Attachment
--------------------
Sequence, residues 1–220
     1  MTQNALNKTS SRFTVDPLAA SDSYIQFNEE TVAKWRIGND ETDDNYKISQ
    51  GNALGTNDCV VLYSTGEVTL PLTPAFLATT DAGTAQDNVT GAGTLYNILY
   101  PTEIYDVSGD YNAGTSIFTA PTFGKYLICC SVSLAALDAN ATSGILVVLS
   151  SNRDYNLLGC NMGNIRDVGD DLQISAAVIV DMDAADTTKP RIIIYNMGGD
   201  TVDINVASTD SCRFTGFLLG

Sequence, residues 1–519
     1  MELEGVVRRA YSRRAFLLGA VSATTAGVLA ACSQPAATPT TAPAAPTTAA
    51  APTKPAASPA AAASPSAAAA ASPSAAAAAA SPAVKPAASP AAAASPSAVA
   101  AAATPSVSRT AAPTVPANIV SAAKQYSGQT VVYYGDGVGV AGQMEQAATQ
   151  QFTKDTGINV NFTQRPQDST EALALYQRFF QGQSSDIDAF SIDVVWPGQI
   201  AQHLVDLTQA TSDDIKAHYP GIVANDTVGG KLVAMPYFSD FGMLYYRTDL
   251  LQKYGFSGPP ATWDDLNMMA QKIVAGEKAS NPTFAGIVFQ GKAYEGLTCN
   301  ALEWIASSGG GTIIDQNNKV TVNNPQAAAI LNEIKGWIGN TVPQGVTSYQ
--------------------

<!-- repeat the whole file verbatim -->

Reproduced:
Sequence, residues 1–220
     1  MTQNALNKTS SRFTVDPLAA SDSYIQFNEE TVAKWRIGND ETDDNYKISQ
    51  GNALGTNDCV VLYSTGEVTL PLTPAFLATT DAGTAQDNVT GAGTLYNILY
   101  PTEIYDVSGD YNAGTSIFTA PTFGKYLICC SVSLAALDAN ATSGILVVLS
   151  SNRDYNLLGC NMGNIRDVGD DLQISAAVIV DMDAADTTKP RIIIYNMGGD
   201  TVDINVASTD SCRFTGFLLG

Sequence, residues 1–519
     1  MELEGVVRRA YSRRAFLLGA VSATTAGVLA ACSQPAATPT TAPAAPTTAA
    51  APTKPAASPA AAASPSAAAA ASPSAAAAAA SPAVKPAASP AAAASPSAVA
   101  AAATPSVSRT AAPTVPANIV SAAKQYSGQT VVYYGDGVGV AGQMEQAATQ
   151  QFTKDTGINV NFTQRPQDST EALALYQRFF QGQSSDIDAF SIDVVWPGQI
   201  AQHLVDLTQA TSDDIKAHYP GIVANDTVGG KLVAMPYFSD FGMLYYRTDL
   251  LQKYGFSGPP ATWDDLNMMA QKIVAGEKAS NPTFAGIVFQ GKAYEGLTCN
   301  ALEWIASSGG GTIIDQNNKV TVNNPQAAAI LNEIKGWIGN TVPQGVTSYQ